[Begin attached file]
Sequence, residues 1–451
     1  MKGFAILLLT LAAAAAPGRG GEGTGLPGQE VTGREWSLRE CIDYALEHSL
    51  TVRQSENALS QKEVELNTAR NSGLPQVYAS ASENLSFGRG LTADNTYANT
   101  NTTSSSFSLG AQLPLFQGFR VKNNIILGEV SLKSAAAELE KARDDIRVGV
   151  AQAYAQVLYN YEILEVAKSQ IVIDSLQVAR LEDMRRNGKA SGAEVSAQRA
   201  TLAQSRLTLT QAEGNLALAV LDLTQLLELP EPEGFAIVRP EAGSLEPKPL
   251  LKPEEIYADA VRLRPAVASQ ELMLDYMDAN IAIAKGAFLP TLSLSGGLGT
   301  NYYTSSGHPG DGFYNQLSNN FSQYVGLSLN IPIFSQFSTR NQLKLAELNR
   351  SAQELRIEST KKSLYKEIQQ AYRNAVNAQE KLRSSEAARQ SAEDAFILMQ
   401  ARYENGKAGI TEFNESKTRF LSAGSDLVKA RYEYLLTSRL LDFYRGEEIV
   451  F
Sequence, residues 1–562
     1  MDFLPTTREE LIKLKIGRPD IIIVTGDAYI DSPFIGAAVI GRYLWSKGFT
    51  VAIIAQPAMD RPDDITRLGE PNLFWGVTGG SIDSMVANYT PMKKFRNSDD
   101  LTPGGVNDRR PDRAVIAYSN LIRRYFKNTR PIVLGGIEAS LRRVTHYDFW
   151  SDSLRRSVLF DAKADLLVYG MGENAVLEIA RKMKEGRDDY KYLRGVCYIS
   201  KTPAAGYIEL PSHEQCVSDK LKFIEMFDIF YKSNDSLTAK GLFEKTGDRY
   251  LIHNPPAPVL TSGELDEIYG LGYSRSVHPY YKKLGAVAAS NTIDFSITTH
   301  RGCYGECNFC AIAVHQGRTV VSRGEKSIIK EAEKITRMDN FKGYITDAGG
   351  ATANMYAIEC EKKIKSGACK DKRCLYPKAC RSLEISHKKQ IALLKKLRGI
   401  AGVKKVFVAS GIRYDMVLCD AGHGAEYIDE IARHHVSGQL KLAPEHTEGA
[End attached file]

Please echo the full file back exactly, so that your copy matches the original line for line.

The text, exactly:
Sequence, residues 1–451
     1  MKGFAILLLT LAAAAAPGRG GEGTGLPGQE VTGREWSLRE CIDYALEHSL
    51  TVRQSENALS QKEVELNTAR NSGLPQVYAS ASENLSFGRG LTADNTYANT
   101  NTTSSSFSLG AQLPLFQGFR VKNNIILGEV SLKSAAAELE KARDDIRVGV
   151  AQAYAQVLYN YEILEVAKSQ IVIDSLQVAR LEDMRRNGKA SGAEVSAQRA
   201  TLAQSRLTLT QAEGNLALAV LDLTQLLELP EPEGFAIVRP EAGSLEPKPL
   251  LKPEEIYADA VRLRPAVASQ ELMLDYMDAN IAIAKGAFLP TLSLSGGLGT
   301  NYYTSSGHPG DGFYNQLSNN FSQYVGLSLN IPIFSQFSTR NQLKLAELNR
   351  SAQELRIEST KKSLYKEIQQ AYRNAVNAQE KLRSSEAARQ SAEDAFILMQ
   401  ARYENGKAGI TEFNESKTRF LSAGSDLVKA RYEYLLTSRL LDFYRGEEIV
   451  F
Sequence, residues 1–562
     1  MDFLPTTREE LIKLKIGRPD IIIVTGDAYI DSPFIGAAVI GRYLWSKGFT
    51  VAIIAQPAMD RPDDITRLGE PNLFWGVTGG SIDSMVANYT PMKKFRNSDD
   101  LTPGGVNDRR PDRAVIAYSN LIRRYFKNTR PIVLGGIEAS LRRVTHYDFW
   151  SDSLRRSVLF DAKADLLVYG MGENAVLEIA RKMKEGRDDY KYLRGVCYIS
   201  KTPAAGYIEL PSHEQCVSDK LKFIEMFDIF YKSNDSLTAK GLFEKTGDRY
   251  LIHNPPAPVL TSGELDEIYG LGYSRSVHPY YKKLGAVAAS NTIDFSITTH
   301  RGCYGECNFC AIAVHQGRTV VSRGEKSIIK EAEKITRMDN FKGYITDAGG
   351  ATANMYAIEC EKKIKSGACK DKRCLYPKAC RSLEISHKKQ IALLKKLRGI
   401  AGVKKVFVAS GIRYDMVLCD AGHGAEYIDE IARHHVSGQL KLAPEHTEGA